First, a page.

# Nilpotent ideal

In mathematics, more specifically ring theory, an ideal, *I*, of a ring is said to be a **nilpotent ideal**, if there exists a natural number *k* such that *I*^{k} = 0.[1] By *I*^{k}, it is meant the additive subgroup generated by the set of all products of *k* elements in *I*.[1] Therefore, *I* is nilpotent if and only if there is a natural number *k* such that the product of any *k* elements of *I* is 0.

The notion of a nilpotent ideal is much stronger than that of a nil ideal in many classes of rings. There are, however, instances when the two notions coincide—this is exemplified by Levitzky's theorem.[2][3] The notion of a nilpotent ideal, although interesting in the case of commutative rings, is most interesting in the case of noncommutative rings.

## Relation to nil ideals

The notion of a nil ideal has a deep connection with that of a nilpotent ideal, and in some classes of rings, the two notions coincide. If an ideal is nilpotent, it is of course nil, but a nil ideal need not be nilpotent for more than one reason. The first is that there need not be a global upper bound on the exponent required to annihilate various elements of the nil ideal, and secondly, each element being nilpotent does not force products of distinct elements to vanish.[1]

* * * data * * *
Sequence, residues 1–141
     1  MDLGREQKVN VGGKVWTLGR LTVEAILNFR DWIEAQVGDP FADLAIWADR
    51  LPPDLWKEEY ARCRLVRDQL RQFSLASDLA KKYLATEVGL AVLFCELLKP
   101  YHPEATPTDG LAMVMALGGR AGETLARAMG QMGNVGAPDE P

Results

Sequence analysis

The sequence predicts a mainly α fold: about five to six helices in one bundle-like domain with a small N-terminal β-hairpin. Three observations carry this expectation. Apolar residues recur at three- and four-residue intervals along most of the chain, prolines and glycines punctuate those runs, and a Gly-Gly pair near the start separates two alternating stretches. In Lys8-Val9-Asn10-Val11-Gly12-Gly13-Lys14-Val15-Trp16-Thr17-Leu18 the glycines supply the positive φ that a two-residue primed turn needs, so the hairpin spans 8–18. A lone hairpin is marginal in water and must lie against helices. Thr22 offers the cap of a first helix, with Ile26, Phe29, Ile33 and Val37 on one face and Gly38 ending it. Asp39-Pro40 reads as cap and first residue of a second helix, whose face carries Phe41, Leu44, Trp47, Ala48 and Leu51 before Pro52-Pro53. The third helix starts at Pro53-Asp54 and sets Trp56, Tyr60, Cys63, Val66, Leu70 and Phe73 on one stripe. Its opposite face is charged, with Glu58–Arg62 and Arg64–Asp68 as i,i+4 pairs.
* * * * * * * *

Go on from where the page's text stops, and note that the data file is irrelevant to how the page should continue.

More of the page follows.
In a right artinian ring, any nil ideal is nilpotent.[4] This is proven by observing that any nil ideal is contained in the Jacobson radical of the ring, and since the Jacobson radical is a nilpotent ideal (due to the artinian hypothesis), the result follows. In fact, this can be generalized to right noetherian rings; this result is known as Levitzky's theorem.[3]

## Notes

- Isaacs 1993, p. 194.
- Isaacs, Theorem 14.38, p. 210
- Herstein 1968, Theorem 1.4.5, p. 37.
- Isaacs, Corollary 14.3, p. 195

## References

- I.N. Herstein (1968).
*Noncommutative rings*(1st ed.). The Mathematical Association of America. ISBN 0-88385-015-X. - I. Martin Isaacs (1993).
*Algebra, a graduate course*(1st ed.). Brooks/Cole Publishing Company. ISBN 0-534-19002-2.